California Announces Endemic Plan to Combat COVID
What We Can Learn From California's "Endemic Plan," the First of Its Kind in the US
California is officially shifting gears when it comes to statewide COVID-19 protection measures, becoming the first US state to announce an endemic-based approach. Centered on prevention and rapid response to outbreaks rather than mandates and shutdowns, the new plan could be a look into the future of COVID-19 measures across the US. So what's different about it, and what does it mean for the rest of the country?
Announced on Feb. 18, California's endemic plan is called SMARTER, which stands for Shots, Masks, Awareness, Readiness, Testing, Education, and Rx (forms of treatment for COVID-19) — the pillars of the state's evolving approach to the virus. Specifically, goals include increasing vaccination rates (especially among children); stockpiling tests, masks, and personal protection equipment (PPE); tracking cases and quickly identifying new variants; and using education to combat pandemic misinformation. With these initiatives, the state will begin "moving past the crisis phase into a phase where we will work to live with this virus," California governor Gavin Newsom said in a press conference on Thursday. Along those lines, California recently lifted indoor mask requirements and plans to set a date for ending mask requirements for children in schools.
Rather than simply removing these measures, California seeks to replace them with a forward-thinking plan that addresses the virus as a less powerful but still active threat. In other words, it seeks to treat COVID-19 as an endemic disease — still present in the community but increasingly manageable as collective immunity increases. During the press conference, Mark Ghaly, MD, MPH, California's secretary of health and human services, explained that California will adjust its approach based on how the virus changes over time. If the virus's symptoms become more severe, the state will monitor infection rates; if the virus begins spreading more quickly, it will keep an eye on hospitalization rates and respond accordingly.
This endemic plan is the first of its kind in the US, but it also feels like the logical next step, experts say. With California's case numbers dwindling, "the timing is right on," said Jeffrey Klausner, MD, MPH, an epidemiologist at the University of Southern California, in an interview with NPR. Strict testing and surveillance of the virus, along with advanced vaccination and treatment measures, "make it appropriate to shift our response from a pandemic response of trying to do everything possible, to a more rational response to try to implement things that we have strong evidence that work," said Dr. Klausner.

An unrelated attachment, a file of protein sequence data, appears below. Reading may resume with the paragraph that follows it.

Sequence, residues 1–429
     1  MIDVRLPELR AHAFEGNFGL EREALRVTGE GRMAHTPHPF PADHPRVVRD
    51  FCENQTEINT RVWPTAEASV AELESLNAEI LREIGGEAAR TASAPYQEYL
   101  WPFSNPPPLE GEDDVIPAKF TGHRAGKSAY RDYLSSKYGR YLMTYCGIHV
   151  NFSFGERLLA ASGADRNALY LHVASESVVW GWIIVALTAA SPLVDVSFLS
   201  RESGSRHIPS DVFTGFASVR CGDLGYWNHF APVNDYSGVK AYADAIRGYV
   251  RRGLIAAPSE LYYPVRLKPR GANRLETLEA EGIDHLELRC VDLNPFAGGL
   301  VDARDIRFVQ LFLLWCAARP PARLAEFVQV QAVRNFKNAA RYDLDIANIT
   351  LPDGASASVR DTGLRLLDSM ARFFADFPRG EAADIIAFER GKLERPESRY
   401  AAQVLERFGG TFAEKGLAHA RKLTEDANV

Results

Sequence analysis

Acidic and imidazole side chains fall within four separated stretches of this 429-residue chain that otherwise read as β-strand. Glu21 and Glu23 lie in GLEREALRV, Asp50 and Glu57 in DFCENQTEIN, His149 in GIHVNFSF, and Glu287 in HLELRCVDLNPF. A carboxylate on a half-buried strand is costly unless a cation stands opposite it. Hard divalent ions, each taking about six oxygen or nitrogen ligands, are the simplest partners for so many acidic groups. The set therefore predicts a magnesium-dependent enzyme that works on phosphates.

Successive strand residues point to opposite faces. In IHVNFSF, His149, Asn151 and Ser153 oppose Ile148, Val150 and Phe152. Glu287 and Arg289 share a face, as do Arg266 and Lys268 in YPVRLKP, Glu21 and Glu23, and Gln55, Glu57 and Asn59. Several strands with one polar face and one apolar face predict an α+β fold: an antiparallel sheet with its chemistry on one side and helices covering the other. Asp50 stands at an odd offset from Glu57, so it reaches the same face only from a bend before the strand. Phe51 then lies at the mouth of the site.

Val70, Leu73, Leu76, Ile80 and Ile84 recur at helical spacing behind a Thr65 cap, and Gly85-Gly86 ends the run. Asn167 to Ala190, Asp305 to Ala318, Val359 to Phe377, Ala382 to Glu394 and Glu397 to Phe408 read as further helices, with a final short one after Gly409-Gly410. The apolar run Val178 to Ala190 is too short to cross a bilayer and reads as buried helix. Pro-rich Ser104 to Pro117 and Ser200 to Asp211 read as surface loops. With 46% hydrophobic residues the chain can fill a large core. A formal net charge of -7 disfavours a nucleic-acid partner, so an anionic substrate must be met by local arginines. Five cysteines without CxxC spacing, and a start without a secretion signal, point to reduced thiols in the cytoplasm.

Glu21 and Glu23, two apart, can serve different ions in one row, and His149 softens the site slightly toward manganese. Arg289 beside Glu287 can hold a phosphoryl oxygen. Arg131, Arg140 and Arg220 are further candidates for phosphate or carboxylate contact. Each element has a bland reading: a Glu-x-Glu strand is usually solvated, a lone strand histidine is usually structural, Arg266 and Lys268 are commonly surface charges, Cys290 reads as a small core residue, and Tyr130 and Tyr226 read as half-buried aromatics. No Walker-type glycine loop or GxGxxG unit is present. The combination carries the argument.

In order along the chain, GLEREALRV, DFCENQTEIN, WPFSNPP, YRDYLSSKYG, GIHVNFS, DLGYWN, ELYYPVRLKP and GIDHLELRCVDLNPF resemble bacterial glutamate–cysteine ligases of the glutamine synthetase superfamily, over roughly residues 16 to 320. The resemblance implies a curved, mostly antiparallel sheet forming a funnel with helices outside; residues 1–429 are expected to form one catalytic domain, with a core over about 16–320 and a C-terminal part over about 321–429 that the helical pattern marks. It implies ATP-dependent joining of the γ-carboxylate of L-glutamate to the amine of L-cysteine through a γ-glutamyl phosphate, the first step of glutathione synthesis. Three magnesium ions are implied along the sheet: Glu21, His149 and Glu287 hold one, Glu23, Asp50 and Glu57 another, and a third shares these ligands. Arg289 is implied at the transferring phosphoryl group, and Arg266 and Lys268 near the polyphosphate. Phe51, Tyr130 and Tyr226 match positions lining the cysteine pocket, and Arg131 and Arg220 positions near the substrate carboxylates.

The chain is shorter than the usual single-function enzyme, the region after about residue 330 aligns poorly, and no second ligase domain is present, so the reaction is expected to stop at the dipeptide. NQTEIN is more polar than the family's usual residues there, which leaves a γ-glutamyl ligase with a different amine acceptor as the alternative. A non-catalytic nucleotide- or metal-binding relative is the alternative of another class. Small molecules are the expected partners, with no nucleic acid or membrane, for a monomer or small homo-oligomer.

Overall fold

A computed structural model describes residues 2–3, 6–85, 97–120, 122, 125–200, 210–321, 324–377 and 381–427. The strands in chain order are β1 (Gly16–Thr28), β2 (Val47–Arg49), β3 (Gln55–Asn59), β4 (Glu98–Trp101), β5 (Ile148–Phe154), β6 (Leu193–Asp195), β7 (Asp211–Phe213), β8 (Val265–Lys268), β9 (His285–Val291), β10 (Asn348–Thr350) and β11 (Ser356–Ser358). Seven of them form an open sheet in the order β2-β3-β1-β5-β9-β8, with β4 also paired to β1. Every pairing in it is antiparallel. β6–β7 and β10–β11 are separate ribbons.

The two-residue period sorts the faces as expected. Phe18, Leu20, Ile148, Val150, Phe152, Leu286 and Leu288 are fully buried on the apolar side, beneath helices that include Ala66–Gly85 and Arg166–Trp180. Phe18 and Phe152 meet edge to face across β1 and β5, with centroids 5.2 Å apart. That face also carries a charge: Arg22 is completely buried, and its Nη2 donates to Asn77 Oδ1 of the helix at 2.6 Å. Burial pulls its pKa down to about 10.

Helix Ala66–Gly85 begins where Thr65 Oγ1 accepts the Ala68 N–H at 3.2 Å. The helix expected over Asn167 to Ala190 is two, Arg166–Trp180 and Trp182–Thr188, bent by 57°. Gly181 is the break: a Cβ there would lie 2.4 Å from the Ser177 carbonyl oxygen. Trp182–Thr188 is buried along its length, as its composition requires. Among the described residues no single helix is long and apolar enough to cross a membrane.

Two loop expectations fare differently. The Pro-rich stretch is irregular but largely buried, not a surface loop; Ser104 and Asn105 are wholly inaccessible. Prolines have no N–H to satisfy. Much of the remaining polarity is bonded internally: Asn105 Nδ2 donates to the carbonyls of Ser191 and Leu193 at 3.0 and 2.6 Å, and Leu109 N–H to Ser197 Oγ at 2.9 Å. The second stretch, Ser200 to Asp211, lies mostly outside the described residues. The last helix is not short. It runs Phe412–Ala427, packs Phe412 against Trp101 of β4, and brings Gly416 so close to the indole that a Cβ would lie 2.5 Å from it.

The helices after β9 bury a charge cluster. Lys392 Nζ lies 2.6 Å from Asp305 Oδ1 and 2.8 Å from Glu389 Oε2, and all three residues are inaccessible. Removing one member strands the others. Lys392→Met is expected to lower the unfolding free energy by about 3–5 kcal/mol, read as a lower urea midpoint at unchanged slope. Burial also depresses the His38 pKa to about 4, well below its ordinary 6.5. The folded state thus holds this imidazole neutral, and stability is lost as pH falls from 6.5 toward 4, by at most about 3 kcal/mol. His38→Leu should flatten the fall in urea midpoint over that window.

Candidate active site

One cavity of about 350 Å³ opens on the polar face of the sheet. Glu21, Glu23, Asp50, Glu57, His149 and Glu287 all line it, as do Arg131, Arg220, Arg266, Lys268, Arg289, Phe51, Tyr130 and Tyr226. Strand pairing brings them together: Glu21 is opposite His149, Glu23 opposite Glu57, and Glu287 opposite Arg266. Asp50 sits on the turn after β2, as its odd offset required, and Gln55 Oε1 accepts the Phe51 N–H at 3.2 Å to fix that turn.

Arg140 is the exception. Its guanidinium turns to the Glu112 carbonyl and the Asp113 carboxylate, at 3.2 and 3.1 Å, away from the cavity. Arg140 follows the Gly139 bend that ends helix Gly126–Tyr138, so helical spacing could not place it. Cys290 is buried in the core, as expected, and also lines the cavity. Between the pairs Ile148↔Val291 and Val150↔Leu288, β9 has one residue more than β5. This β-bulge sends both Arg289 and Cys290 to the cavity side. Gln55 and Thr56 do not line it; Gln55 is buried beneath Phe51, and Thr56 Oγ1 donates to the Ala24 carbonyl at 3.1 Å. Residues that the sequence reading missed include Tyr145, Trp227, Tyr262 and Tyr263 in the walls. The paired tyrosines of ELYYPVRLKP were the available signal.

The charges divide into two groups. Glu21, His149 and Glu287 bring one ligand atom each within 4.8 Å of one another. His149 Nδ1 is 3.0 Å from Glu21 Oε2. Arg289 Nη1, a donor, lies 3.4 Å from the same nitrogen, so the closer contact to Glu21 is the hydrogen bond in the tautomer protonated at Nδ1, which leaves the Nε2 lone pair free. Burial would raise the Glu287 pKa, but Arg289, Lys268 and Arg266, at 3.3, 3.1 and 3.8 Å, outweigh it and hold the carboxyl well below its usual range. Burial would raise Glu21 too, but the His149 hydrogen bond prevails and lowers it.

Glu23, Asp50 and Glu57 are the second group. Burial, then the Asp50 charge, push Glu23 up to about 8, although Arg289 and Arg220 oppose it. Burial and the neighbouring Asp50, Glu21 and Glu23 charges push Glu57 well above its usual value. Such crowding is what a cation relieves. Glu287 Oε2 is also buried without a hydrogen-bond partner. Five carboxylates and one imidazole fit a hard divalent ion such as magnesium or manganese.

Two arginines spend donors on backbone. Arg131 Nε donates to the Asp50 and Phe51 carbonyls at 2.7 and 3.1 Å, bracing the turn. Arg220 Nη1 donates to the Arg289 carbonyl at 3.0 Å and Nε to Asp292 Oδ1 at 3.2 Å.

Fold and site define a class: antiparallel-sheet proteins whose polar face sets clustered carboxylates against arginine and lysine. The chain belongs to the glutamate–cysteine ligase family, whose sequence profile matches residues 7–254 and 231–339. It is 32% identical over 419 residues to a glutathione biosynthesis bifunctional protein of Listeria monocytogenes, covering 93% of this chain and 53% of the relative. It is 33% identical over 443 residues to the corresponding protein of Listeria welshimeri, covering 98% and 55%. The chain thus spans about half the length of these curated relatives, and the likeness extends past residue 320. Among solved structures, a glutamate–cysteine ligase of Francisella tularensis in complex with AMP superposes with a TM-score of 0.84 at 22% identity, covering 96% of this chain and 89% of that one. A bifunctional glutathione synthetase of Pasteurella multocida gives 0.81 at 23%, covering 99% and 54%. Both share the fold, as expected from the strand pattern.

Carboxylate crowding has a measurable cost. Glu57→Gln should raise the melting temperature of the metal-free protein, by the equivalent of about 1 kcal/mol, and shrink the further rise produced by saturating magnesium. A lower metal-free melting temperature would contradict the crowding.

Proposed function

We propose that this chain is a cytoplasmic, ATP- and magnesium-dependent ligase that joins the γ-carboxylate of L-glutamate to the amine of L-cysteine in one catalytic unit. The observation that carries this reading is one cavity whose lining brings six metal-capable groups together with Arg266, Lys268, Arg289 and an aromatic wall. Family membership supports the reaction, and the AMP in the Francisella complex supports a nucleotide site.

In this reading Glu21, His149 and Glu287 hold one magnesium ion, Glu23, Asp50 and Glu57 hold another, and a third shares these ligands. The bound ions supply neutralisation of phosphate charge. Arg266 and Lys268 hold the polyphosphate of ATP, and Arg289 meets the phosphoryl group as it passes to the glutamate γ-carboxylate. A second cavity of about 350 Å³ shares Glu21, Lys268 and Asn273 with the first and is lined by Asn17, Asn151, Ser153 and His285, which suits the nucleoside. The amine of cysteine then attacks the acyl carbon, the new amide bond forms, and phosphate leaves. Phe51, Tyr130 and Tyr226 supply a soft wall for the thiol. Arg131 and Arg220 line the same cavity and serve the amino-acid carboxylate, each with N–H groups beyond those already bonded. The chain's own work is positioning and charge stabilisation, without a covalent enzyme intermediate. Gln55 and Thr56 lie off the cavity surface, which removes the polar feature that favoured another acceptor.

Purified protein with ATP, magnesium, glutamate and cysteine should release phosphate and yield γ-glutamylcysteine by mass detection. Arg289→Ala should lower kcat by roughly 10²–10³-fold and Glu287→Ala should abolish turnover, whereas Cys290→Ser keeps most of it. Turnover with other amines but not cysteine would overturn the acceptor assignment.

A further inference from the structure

It's no secret that approaches COVID have varied across state (and sometimes city and county) lines since the start of the pandemic, but California's plan may offer a glimpse at a sustainable way forward. The state was the first to implement a lockdown in March 2020 and has maintained a "thoughtful approach" to the pandemic, said Robert Wachter, MD, professor and chair of the Department of Medicine at UC San Francisco, in an interview with the San Jose Mercury News. While Newsom has been criticized for the state's aggressive approach to the pandemic and his own maskless outings, Dr. Wachter noted that California has the "lowest per-capita death rate of any large American state." He said he was "impressed" by the plan, which applies lessons learned in the past two years to create "the smartest possible approach to this rapidly evolving threat." NPR reports that other countries are beginning to take an endemic approach to the virus as well.
As the shape of the COVID-19 crisis continues to evolve, we may see more plans that similarly maintain guidelines and remove mandates one by one while aiming for a shift back to some degree of normalcy. "We move out of the pandemic phase, and we move into a phase which should allow confidence that we are not walking away," Newsom said during the press conference. "That we're taking the lessons learned, and we're leaning into the future."